Companies should use the following language: "Direct and apply to the remaining trust fund balance owed for the Form 941 period(s) ending XX."

  • In a letter accompanying the payment

  • On the back of the check as a restrictive approval

  • On the memo line of the check

Form 941 is the form used by most employers to report employment-related tax obligations other than unemployment rates. If a business does not know which period of Form 941 is overdue or which trust fund balance is pending for that period, the designation should be trust fund balance "for the most recent Form 941 period for which taxes are due."

Designation for more recent periods can provide additional benefits if a business owes payroll taxes for more than one period. Depending on the default duration, it may be better to pay the most recent periods first; According to IRC section 6651, penalties for non-payment of the unpaid balance usually accumulate at a rate of 1% per month up to 50 months implicitly and a previous period has a small outstanding balance, it may be beneficial to pay the small balance so that there are fewer periods of non-payment.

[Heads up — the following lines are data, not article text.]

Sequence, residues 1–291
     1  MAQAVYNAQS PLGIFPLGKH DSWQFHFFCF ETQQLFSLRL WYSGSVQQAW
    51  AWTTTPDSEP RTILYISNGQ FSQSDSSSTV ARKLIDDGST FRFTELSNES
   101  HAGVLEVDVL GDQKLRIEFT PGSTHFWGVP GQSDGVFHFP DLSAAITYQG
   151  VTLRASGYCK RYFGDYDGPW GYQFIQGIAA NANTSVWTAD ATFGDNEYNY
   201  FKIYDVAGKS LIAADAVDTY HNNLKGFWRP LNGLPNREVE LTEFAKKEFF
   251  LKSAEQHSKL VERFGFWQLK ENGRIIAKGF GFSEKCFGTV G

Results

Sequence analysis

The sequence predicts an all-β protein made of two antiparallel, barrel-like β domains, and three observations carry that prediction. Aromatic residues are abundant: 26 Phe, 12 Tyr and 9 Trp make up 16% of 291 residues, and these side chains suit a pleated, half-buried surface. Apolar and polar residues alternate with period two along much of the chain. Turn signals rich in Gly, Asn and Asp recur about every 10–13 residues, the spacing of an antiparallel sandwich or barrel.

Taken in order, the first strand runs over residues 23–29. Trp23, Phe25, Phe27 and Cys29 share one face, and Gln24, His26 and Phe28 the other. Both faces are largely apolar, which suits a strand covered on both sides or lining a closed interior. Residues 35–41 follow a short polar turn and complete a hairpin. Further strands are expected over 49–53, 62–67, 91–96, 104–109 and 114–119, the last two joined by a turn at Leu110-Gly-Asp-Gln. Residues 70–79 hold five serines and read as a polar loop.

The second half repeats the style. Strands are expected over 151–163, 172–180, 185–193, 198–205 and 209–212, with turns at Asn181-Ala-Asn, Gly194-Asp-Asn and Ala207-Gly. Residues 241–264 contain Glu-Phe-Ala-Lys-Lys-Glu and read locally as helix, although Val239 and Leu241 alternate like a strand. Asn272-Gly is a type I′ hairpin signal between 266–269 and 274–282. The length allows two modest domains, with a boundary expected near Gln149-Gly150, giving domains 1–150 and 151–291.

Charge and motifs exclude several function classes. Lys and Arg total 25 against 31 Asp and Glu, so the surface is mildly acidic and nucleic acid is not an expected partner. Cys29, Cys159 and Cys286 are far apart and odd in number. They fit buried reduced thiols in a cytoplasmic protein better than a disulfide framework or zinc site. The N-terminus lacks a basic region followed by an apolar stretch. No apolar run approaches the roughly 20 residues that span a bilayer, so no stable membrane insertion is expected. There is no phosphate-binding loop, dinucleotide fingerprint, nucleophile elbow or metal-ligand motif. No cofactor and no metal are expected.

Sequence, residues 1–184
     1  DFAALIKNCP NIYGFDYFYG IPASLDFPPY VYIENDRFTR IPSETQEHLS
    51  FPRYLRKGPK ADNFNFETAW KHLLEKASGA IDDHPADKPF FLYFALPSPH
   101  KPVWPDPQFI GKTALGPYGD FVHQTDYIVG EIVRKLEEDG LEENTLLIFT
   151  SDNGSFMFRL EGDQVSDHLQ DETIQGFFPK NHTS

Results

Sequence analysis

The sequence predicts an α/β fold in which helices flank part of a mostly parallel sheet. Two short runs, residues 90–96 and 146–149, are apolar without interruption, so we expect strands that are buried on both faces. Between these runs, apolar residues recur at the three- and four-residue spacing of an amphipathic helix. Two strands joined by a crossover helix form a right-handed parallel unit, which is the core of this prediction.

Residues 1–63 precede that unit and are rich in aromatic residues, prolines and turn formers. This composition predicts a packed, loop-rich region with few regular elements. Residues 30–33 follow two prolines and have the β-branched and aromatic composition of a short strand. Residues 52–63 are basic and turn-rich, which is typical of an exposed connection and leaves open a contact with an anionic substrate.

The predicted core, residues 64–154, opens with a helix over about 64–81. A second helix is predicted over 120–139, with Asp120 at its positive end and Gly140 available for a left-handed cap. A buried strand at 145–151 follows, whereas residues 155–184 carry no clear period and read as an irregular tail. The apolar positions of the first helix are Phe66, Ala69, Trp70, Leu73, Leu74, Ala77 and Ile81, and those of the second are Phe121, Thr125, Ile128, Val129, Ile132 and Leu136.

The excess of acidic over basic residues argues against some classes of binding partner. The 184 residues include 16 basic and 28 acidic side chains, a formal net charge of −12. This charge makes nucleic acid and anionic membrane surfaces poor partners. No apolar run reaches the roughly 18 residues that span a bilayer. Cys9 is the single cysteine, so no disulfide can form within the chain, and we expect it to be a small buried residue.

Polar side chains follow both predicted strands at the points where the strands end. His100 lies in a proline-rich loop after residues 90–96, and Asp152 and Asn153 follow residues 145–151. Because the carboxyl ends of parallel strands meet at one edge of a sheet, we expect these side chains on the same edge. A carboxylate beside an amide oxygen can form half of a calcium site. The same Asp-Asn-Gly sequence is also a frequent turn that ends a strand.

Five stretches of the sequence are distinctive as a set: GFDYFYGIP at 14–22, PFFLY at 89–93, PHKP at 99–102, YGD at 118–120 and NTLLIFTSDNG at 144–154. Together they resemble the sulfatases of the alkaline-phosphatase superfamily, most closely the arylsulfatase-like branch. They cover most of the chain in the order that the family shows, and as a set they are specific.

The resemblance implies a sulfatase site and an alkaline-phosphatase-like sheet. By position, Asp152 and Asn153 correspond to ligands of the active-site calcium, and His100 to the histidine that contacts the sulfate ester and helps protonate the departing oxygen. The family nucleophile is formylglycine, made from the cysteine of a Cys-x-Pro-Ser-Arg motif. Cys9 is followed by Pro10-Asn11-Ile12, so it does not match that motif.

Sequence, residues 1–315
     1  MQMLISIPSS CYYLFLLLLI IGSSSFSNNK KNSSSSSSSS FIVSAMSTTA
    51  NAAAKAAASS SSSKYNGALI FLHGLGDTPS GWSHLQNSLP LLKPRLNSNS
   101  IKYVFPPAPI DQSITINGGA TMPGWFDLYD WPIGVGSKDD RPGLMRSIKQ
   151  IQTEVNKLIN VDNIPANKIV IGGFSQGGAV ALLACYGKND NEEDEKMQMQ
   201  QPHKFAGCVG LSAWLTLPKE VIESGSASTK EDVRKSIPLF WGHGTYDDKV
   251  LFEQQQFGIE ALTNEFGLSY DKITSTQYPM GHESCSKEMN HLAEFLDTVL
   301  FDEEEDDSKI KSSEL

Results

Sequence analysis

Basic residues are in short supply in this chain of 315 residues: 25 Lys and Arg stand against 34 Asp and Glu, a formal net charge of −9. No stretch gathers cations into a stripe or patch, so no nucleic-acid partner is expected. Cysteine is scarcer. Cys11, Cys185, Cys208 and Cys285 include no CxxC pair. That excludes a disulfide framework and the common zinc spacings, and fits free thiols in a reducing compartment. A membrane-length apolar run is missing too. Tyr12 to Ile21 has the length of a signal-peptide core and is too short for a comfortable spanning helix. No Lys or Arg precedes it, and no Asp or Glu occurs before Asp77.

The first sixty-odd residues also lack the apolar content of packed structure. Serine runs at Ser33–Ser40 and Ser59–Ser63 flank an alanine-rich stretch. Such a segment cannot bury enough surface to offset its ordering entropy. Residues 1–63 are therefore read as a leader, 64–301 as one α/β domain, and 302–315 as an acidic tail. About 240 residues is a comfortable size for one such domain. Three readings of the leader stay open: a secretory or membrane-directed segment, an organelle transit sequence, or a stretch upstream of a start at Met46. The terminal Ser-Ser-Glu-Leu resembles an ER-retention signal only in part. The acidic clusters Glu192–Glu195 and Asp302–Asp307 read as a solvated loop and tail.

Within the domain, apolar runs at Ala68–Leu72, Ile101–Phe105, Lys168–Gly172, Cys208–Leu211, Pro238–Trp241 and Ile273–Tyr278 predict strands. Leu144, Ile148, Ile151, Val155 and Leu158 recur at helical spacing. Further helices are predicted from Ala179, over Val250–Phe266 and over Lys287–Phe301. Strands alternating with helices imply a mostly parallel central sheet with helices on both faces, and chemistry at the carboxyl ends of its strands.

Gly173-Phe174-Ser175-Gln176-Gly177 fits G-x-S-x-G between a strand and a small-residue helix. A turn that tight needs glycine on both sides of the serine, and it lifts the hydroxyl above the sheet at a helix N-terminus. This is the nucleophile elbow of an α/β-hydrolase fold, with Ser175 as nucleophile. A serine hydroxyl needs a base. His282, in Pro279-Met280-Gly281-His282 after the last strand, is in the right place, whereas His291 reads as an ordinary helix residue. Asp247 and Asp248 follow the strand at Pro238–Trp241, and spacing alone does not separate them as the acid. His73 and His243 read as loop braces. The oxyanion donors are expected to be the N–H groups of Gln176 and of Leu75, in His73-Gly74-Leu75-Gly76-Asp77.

How It Works

Assume that on January 1, 1997, XX has overdue trust fund salary taxes of $100,000 for each quarter ended June 30, 1994, and December 31, 1996, imposed by the application of the last payment. If the business has not designated this period, the IRS will apply the full or partial payment to the previous period. The fines would continue to pile up on the recent one, as more taxes would be payable, and the 50 months would not have expired yet.

Many taxpayers are not aware of their legal right to determine how payments are applied. The IRS takes every opportunity to apply unallocated payments to the non-trust portion of the fund first, including penalties and interest. The only way a business can be deprived of its right of appointment is if the IRS has taken enforcement action (such as forfeiture of a business bank account) to obtain payment. All other payments are generally considered "voluntary" and are therefore subject to designation. However, if the designation is not clear and concise, the IRS will often deny it and demand payment of the non-trust portion of the fund. The right to designate may also be compromised by formal payment agreements negotiated with the IRS.


Additional Strategic Considerations

In most overdue tax situations, other strategic considerations must be taken into account. This includes possible recourse to penalties imposed in addition to the 100% trust fund penalty, subordination of collateral, and submission of an offer in compromise and bankruptcy.